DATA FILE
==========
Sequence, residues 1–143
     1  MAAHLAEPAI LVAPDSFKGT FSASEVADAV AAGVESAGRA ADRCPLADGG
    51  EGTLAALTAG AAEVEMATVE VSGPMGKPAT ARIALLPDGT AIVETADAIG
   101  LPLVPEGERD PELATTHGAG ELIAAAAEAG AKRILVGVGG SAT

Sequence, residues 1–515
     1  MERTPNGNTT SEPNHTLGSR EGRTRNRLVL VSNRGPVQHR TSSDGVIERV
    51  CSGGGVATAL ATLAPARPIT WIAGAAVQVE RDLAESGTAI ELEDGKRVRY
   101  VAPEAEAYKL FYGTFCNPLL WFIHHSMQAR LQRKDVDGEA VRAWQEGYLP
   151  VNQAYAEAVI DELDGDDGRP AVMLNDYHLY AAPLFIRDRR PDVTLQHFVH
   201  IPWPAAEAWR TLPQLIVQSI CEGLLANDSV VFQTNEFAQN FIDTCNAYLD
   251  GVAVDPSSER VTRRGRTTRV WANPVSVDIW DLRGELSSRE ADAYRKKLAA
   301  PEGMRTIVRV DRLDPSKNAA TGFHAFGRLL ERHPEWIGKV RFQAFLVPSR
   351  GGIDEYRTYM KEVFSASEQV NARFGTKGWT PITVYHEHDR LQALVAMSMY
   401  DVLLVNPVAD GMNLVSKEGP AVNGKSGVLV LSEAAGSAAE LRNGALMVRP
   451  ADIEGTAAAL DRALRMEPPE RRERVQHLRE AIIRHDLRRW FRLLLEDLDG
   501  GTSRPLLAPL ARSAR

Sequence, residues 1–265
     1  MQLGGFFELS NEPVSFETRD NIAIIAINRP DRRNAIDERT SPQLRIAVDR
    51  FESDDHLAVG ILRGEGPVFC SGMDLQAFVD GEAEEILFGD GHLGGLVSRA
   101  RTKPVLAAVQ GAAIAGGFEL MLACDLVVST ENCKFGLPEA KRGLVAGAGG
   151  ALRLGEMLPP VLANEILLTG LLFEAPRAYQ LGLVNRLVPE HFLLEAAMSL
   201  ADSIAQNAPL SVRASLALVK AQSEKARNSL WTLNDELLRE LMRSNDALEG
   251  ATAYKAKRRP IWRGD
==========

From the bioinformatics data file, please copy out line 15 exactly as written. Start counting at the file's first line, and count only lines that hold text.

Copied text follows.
   451  ADIEGTAAAL DRALRMEPPE RRERVQHLRE AIIRHDLRRW FRLLLEDLDG